"All In" describes the subject, but not the spirit, of this week's episode of Discovery. This is fine as a routine stopgap sort of episode, but the lack of ambition is notable. Fortunately, the lack of ambition is somewhat offset by the fact that at least there's a solid character core here, even if that character core feels mostly redundant when considering what happened at the end of the previous episode. This episode is not strictly necessary, but then what episode of television is? (I guess it's probably a problem if I'm waxing philosophic on the existence of all television episodes.)
When you consider the previous episode ended with Booker deciding to go with Tarka to pursue their forbidden mission to destroy the DMA, do you really need "All In" to explicitly show how Booker and Burnham come to grips with that realization and further affirm to each other that they're committed to their positions? On the one hand, Sonequa Martin-Green and David Ajala do a good job of making me believe the emotional stakes of this relationship. On the other hand, setting this aboard an alien port amid the major set pieces of an Epic Cage Fight and a High-Stakes Poker Tournament feels a bit tropey. It's like a TOS throwback hour.
On the plus side, this episode is a good showcase for Owosekun (I will never argue with this show providing spotlights for the supporting characters, particularly Owo, the most likable of the bunch), even if it can't be bothered to think of a more imaginative use of her than putting her in a ring where she takes two dives so she can hustle her competitor before then kicking his ass. As plot goes, it's pretty basic — but also kind of fun.
The same goes for the poker tournament, overseen by Haz Mazaro (Daniel Kash), who keeps altering the deal and telling you to pray he doesn't alter it further. Book and Burnham must face off against each other in order to win this week's MacGuffin — the isolynium, the unobtainium substance necessary to create the isolytic explosion that can destroy the DMA — but must first work together to defeat a pair of other players (using over-the-table signals that would get you kicked out of any casino worth its salt) lest they end up with the dreaded isolynium and do something awful with it. For all the lacking inspiration here, this mostly accomplishes its modest goals and is decently executed. Burnham loses to Booker, as she must for this storyline to continue, but the actors do a good job of selling the cost of the choices made, and this looks to solidify the end point of their relationship (maybe).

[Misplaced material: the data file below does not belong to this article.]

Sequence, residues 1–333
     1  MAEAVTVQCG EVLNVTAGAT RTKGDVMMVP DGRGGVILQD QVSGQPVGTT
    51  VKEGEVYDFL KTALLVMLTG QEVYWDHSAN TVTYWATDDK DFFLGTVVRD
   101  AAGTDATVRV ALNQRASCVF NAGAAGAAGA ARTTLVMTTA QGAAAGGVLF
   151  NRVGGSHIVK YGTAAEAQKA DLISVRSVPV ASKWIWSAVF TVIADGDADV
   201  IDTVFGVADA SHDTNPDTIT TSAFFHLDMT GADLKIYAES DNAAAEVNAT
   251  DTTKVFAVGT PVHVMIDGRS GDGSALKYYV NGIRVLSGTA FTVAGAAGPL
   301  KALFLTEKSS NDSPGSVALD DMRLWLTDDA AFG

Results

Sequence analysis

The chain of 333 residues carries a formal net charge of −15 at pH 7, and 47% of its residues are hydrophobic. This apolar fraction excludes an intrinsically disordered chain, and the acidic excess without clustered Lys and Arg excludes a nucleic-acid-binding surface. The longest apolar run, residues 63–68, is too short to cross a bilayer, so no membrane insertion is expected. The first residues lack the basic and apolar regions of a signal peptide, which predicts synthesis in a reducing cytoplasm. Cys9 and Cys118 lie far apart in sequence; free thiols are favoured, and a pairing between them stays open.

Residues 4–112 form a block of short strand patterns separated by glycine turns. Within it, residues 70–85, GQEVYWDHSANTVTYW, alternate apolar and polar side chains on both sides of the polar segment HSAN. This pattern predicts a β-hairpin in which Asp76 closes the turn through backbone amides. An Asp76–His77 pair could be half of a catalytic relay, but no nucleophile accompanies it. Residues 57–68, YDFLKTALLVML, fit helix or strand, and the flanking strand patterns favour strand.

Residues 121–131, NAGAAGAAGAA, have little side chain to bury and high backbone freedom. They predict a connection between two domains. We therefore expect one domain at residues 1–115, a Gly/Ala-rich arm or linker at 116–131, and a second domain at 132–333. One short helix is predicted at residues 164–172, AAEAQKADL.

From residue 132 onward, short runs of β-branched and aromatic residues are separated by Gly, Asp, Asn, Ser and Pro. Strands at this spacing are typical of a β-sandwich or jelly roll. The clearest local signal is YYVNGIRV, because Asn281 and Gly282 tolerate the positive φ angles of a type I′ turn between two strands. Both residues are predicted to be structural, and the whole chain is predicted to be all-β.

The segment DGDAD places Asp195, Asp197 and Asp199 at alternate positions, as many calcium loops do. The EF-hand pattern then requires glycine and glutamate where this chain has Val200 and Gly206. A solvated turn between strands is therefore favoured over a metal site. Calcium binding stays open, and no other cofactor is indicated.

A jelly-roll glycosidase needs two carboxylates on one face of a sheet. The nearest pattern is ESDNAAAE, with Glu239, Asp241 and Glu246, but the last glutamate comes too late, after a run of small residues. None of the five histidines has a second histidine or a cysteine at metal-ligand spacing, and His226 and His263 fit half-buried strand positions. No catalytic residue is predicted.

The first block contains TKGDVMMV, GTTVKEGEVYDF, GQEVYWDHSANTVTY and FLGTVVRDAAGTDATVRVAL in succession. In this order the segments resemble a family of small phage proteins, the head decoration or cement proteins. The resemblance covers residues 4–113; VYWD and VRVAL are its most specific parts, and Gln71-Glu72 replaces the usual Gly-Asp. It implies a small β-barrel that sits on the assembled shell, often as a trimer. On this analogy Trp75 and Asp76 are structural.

One thing that continues to irk me on this show is the way characters are able to jump to new conclusions with regard to the sci-fi properties of the DMA simply because the story decides they can. Just like the discovery that the DMA was artificially created came after about 30 seconds of unpersuasive dialogue, we get here the revelation that the DMA is actually a mining device being used to collect the energy needed to power Species 10-C's presumed superior technology. But notice how this changes nothing in terms of the mission or how the characters approach it, only reinforcing what they already know they need to do (stop Booker and Tarka). Maybe if this show would spend a little more effort exploring its sci-fi mysteries in compelling and believable ways rather than just piling on chilling discoveries with minimal context and on-the-spot conjured technobabble, this would work better.
"Admiral, there be whales here!":
- The inclusion of a DS9 Changeling as a casual throwaway only had me wondering where the Dominion actually is in this century.
- Tarka continues to get the best acerbic one-liners: "You're boring me. Go stand somewhere else."
- Tarka has stolen the Federation's new prototype spore drive so that he and Booker can jump around like Discovery. They're sure in deep.
- Vance has Burnham take on the mission to stop Book against Rillak's wishes. The Starfleet higher-ups can never be on the same page, can they? At the end, various riot acts are starting to be read, until Burnham reveals she can track Booker thanks to a hidden transponder she has planted.
- How's this review for cutting to the chase? It's a necessary component of keeping pace and not getting behind, especially after the week I've had. Are shorter reviews a welcome change? Is less actually more? Are you happy with life?
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